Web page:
2. Cultivate a sense of good work. Learn how to discern mastery in others, the unassuming balance of grace and efficiency gathered from long practice. As a UX designer, I eventually learned that the Edward TuftesJakob NielsensLorna Rosses, and Don Normans of the field are the ones worth listening to. This isn’t to say that we ought not listen to newcomers, but that the masters have sussed out distractions and irrelevancies that many of us take for granted. They articulate what matters. Likewise, coworkers – those part of and outside of your discipline – bring insight to their work that’s applicable to yours. Study how great project managers talk with clients; learn how strategists think broadly about projects; notice how visual designers subtly craft moods and environments; marvel at the efficiencies developers achieve in their code. Adopt their principles and habits of mind as your own.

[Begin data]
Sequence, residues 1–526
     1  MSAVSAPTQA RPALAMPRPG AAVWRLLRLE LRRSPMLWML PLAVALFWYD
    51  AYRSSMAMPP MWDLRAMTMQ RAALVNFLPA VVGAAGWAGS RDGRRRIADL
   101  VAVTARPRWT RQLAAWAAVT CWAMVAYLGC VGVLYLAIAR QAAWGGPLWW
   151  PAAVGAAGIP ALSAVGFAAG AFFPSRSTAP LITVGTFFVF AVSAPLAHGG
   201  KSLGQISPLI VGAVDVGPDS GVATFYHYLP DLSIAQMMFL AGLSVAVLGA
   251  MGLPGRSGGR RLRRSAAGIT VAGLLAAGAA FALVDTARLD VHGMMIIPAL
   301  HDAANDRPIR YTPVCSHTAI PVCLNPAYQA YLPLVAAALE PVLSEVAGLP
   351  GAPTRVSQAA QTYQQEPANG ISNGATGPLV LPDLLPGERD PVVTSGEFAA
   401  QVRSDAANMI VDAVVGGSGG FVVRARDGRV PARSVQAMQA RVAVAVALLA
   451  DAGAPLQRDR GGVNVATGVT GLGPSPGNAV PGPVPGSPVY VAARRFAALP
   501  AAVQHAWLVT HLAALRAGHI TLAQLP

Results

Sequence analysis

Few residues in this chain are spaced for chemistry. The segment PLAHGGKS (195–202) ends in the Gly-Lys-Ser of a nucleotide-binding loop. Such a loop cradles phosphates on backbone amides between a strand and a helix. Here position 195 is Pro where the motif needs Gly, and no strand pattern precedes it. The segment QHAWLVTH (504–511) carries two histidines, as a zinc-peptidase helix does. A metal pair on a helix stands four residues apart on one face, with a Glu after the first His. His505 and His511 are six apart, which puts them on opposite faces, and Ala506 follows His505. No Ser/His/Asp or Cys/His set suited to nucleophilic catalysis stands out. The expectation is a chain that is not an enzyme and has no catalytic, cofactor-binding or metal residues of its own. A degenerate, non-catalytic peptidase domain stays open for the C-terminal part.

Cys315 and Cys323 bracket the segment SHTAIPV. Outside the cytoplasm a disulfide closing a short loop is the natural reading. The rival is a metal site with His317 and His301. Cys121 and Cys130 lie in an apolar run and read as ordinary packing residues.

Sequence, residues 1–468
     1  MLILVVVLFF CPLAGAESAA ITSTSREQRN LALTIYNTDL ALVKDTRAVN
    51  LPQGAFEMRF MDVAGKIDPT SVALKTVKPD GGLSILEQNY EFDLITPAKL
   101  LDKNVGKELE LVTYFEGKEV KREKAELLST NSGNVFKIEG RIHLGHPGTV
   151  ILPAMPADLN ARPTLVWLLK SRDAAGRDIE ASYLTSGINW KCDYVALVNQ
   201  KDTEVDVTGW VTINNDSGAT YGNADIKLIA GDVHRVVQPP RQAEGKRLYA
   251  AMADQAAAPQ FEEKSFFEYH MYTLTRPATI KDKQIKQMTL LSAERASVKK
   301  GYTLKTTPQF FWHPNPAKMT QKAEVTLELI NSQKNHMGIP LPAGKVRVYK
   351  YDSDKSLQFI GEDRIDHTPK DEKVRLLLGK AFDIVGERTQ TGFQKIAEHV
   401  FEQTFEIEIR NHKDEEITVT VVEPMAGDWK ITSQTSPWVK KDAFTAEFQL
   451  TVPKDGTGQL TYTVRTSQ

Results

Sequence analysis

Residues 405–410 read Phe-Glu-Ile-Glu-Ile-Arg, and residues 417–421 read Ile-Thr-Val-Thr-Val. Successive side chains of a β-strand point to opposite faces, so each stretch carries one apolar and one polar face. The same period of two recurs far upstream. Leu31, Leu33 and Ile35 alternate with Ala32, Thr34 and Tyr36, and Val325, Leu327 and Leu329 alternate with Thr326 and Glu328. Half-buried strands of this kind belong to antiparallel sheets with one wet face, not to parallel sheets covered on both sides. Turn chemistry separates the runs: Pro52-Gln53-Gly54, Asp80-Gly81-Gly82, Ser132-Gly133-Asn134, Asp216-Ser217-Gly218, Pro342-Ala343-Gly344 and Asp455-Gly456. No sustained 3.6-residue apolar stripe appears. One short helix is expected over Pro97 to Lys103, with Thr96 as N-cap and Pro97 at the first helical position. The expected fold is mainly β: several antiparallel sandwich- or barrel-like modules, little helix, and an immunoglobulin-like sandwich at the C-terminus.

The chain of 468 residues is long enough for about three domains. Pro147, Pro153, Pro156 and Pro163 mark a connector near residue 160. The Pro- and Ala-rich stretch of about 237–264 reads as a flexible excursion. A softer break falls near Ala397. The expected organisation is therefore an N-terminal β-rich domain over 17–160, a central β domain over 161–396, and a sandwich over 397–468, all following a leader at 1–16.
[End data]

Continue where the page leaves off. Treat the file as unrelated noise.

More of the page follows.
3. Practice self-reliance. While learning is communal, it's also an essentially individual experience, each of us following our interests, reasoning through problems, trying ideas, seeing what holds up and what doesn’t, summoning the will to forge ahead and grow. Self-reliance involves curiosity, which propels us to learn. But it equally requires of us a dogged resourcefulness to act on our curiosity. It’s singlemindedly finding what works and putting off what doesn’t. It’s equal parts grit and improvisation, making inventive use of what’s before us, situations and resources alike. It isn’t staking off on our own, but finding those who will help us learn the craft.